Starlings are little darlings
HOW on earth are the noisy starlings that land on my bird table the same birds that swish and swoosh in murmurations in the skies above the north west?
How can those skilled fliers, avoiding each other in an astonishing flying carpet, be the same birds that literally elbow each other off feeders hanging from the tree?
Last month we bought a new bird table and knocked the top off the old one to provide another platform for food. What a lovely, busy noisy meeting place for starlings it now is.
Starlings tend to make up a large percentage of the birds in most gardens. Sparrows hang about outside the starling frenzy waiting for any extra food that is left behind. They are like wannabe starlings and they do make a lot of noise in the bush behind our back alley.
The regional bird atlas says the average number of starlings is around 300,000 with numbers rising to 500,000 at times.
Recent winters have seen counts of a million in the north west, this will include many winter visitors coming over from Scandinavia.
And yet, overall, starling numbers have declined in northern Europe with the British Trust for Ornithology reporting a drop of 66 per cent since the mid-1970s. It is now a bird on the Red List of Conservation Concern.
That decline has mainly been in the countryside where food, like worms and insects, are less common because the ground is drier and harder to penetrate with yellow bills.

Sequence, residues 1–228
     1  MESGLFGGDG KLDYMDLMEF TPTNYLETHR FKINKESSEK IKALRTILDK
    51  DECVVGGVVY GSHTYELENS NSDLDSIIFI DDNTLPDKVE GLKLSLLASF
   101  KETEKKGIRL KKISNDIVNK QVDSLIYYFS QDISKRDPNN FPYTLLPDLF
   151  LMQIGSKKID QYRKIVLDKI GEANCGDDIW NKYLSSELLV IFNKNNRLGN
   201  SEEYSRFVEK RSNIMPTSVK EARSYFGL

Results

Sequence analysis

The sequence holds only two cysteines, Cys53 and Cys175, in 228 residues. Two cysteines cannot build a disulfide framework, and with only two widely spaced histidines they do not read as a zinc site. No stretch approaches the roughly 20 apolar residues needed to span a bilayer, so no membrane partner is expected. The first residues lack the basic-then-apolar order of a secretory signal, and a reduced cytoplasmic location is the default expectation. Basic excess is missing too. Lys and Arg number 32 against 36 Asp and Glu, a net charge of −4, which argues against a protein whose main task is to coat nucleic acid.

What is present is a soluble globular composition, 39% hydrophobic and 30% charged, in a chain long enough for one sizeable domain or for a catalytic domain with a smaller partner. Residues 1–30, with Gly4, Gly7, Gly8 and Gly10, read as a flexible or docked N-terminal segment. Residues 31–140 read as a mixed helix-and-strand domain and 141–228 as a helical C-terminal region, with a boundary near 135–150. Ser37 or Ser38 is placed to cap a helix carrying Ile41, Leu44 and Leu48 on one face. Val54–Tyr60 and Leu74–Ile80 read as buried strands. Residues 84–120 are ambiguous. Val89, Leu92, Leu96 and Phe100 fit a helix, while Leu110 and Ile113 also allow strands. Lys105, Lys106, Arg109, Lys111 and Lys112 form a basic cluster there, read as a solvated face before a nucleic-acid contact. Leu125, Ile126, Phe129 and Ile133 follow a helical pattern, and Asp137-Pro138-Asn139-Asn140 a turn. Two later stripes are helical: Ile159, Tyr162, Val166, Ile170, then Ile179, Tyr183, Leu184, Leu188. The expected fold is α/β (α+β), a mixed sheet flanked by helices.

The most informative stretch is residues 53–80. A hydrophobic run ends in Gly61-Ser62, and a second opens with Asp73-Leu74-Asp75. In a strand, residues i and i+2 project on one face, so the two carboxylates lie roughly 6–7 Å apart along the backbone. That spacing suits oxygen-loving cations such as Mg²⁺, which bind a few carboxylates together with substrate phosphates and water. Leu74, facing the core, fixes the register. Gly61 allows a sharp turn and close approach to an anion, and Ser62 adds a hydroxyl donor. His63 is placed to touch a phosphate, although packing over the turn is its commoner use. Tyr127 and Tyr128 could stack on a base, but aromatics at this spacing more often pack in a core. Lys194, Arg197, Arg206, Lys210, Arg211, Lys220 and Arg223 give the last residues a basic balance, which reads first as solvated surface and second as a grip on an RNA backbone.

I love the shiny feathers on a starling, offering up greens, blues and purples in the oily blackness. In winter they go all spotty, which is also delightful. Young starlings should be losing their dark browny grey colour now and looking a bit more like the adults.
I spend a lot of time in the home baking aisle at my local store filling my basket to ensure my starlings and blackbirds get their fair share of fruit.
Starling murmurations have lessened in number over the years but they are still great to see.
As winter closes in and if you fancy a trip to the seaside, look out for thousands of the birds at the North Pier in Blackpool - or at our Brockholes nature reserve in Preston. I think it’s better than the illuminations and it lasts all winter.
To become a member of the Trust go to the website at www.lancswt.org.uk or call 01772 324129. For more information about Cheshire Wildlife Trust call: 01948 820728 or go to cheshirewildlifetrust.org. uk.
Starlings are great birds to watch over winter